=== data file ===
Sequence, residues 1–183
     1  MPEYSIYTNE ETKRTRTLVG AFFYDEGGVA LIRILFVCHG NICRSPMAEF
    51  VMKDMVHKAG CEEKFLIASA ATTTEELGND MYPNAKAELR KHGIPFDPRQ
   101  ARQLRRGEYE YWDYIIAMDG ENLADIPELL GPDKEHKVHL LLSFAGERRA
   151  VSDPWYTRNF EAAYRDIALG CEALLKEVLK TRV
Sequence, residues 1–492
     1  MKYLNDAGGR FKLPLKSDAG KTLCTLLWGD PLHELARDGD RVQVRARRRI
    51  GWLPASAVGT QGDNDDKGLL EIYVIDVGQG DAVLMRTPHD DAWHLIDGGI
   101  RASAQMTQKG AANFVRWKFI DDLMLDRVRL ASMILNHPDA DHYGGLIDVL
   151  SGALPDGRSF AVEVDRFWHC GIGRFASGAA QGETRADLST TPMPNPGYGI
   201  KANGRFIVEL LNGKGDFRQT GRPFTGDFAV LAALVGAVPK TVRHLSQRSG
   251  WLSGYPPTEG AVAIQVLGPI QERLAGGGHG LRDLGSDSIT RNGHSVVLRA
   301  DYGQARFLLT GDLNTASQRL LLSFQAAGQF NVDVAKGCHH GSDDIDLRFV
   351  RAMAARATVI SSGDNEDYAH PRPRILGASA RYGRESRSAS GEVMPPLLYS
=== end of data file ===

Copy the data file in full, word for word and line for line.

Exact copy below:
Sequence, residues 1–183
     1  MPEYSIYTNE ETKRTRTLVG AFFYDEGGVA LIRILFVCHG NICRSPMAEF
    51  VMKDMVHKAG CEEKFLIASA ATTTEELGND MYPNAKAELR KHGIPFDPRQ
   101  ARQLRRGEYE YWDYIIAMDG ENLADIPELL GPDKEHKVHL LLSFAGERRA
   151  VSDPWYTRNF EAAYRDIALG CEALLKEVLK TRV
Sequence, residues 1–492
     1  MKYLNDAGGR FKLPLKSDAG KTLCTLLWGD PLHELARDGD RVQVRARRRI
    51  GWLPASAVGT QGDNDDKGLL EIYVIDVGQG DAVLMRTPHD DAWHLIDGGI
   101  RASAQMTQKG AANFVRWKFI DDLMLDRVRL ASMILNHPDA DHYGGLIDVL
   151  SGALPDGRSF AVEVDRFWHC GIGRFASGAA QGETRADLST TPMPNPGYGI
   201  KANGRFIVEL LNGKGDFRQT GRPFTGDFAV LAALVGAVPK TVRHLSQRSG
   251  WLSGYPPTEG AVAIQVLGPI QERLAGGGHG LRDLGSDSIT RNGHSVVLRA
   301  DYGQARFLLT GDLNTASQRL LLSFQAAGQF NVDVAKGCHH GSDDIDLRFV
   351  RAMAARATVI SSGDNEDYAH PRPRILGASA RYGRESRSAS GEVMPPLLYS